Sat, Apr 04, 2015

CNNIC censors news about their own statement

On April 1, 2015 Google announced that they will no longer recognize the CNNIC Root and EV (extensive validation) certificate authorities (CAs).

On April 2, 2015 Mozilla concluded that CNNIC’s behaviour in issuing an unconstrained intermediate certificate to another company was ‘egregious practice’ and that Mozilla products would no longer trust any certificate issued by CNNIC’s roots. Mozilla also published a more detailed report about their actions.

After unauthorized digital certificates for several Google domains were exposed by Google and Mozilla on March 23, 2015, CNNIC censored any mention of these posts. CNNIC is not only a certificate authority, they are also China’s online censorship apparatus. CNNIC was, is and will continue to practice internet censorship.

 

News about the April 1 and 2 annoucements has again been censored on social media and also on traditional media in China.

Below is a screenshot of Weibo posts about these announcements.

 

Tue, Mar 31, 2015

Chinese authorities compromise millions in cyberattacks

The Great Firewall has switched from being a passive, inbound filter to being an active and aggressive outbound one. This is a frightening development and the implications of this action extend beyond control of information on the internet. In one quick movement, the authorities have shifted from enforcing strict censorship in China to enforcing Chinese censorship on internet users worldwide.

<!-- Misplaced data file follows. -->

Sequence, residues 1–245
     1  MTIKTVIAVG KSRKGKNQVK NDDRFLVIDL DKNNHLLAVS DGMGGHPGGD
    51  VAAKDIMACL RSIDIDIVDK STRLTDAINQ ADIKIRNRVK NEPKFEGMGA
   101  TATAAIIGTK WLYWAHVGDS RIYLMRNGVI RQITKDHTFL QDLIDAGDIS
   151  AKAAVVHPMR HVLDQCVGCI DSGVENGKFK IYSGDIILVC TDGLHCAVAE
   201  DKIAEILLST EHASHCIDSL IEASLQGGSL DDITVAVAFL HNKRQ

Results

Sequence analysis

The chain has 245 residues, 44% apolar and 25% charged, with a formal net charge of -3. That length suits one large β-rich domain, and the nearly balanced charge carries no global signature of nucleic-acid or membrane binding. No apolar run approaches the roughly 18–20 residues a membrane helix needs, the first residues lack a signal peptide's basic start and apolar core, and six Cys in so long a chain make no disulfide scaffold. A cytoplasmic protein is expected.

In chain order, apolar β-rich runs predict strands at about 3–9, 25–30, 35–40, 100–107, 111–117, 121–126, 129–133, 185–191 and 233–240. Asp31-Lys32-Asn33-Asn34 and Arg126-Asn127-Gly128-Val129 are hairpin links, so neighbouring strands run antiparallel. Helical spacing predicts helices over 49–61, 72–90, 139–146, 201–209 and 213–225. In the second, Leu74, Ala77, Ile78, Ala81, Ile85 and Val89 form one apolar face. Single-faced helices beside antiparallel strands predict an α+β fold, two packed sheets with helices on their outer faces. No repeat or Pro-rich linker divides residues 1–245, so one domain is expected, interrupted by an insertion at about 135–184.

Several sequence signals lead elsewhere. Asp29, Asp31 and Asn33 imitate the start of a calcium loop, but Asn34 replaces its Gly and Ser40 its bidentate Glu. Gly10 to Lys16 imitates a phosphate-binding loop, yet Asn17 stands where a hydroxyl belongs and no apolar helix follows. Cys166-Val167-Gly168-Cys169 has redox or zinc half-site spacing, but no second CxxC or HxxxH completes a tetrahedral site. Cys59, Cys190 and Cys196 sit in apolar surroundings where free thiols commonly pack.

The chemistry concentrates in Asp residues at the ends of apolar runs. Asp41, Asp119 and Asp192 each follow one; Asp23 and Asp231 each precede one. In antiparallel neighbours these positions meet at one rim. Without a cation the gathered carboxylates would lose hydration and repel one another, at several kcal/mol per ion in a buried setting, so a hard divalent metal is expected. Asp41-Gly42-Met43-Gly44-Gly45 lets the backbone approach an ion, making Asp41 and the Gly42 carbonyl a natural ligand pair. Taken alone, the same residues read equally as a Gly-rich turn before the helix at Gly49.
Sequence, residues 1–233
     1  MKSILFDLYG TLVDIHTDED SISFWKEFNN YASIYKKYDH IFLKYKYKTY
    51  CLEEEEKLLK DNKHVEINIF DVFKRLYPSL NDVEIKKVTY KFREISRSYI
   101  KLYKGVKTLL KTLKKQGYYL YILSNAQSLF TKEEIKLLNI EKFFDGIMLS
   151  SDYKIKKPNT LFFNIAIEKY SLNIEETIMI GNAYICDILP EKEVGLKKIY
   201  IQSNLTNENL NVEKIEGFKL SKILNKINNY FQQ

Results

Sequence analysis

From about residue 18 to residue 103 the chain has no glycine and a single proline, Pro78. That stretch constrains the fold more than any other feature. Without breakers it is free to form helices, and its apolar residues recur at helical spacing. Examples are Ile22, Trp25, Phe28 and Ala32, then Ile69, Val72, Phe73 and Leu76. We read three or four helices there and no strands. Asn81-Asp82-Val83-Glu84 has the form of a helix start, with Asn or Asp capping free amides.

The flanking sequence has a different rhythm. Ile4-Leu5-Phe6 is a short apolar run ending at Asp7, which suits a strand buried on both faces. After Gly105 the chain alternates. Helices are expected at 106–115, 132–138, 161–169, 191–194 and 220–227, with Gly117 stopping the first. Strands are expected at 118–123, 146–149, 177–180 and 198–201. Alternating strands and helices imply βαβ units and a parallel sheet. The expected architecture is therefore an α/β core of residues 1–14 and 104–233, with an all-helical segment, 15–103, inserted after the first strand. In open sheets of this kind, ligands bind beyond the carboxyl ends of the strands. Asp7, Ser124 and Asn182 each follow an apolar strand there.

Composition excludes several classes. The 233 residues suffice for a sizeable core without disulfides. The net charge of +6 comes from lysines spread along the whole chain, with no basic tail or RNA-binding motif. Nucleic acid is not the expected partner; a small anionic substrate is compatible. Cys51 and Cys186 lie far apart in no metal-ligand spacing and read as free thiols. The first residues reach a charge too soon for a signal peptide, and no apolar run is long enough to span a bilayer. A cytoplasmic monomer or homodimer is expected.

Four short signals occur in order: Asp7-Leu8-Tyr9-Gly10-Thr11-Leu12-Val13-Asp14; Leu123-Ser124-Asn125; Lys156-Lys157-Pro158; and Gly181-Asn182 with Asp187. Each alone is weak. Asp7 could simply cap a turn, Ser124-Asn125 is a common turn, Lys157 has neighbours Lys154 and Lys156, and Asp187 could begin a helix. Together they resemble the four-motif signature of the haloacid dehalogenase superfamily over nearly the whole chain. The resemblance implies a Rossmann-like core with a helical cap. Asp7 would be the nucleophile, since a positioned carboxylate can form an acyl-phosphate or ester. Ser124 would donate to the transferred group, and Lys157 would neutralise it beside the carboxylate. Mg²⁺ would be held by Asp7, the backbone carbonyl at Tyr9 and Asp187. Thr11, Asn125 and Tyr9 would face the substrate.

Fri, Mar 27, 2015

CNNIC censored Google and Mozilla’s posts about CNNIC CA

This week, Google found unauthorized digital certificates for several Google domains, the root CA of which is CNNIC. Google and Mozilla both publicly disclosed this security incident and published blog posts(Google, Mozilla). However, Chinese translations of Google’s and Mozilla's blog posts were censored on the Chinese Internet.

  • William Long is a prominent Chinese blogger on IT and tech. He translated Google’s security post without adding any personal opinions. The Chinese blogpost ranked #1 when searching CNNIC MITM in Chinese on Google and Baidu. He tweeted that he received a phone call from propaganda department demanding the post to be removed immediately. The post http://www.williamlong.info/archives/4183.html was deleted. Google cache is still available.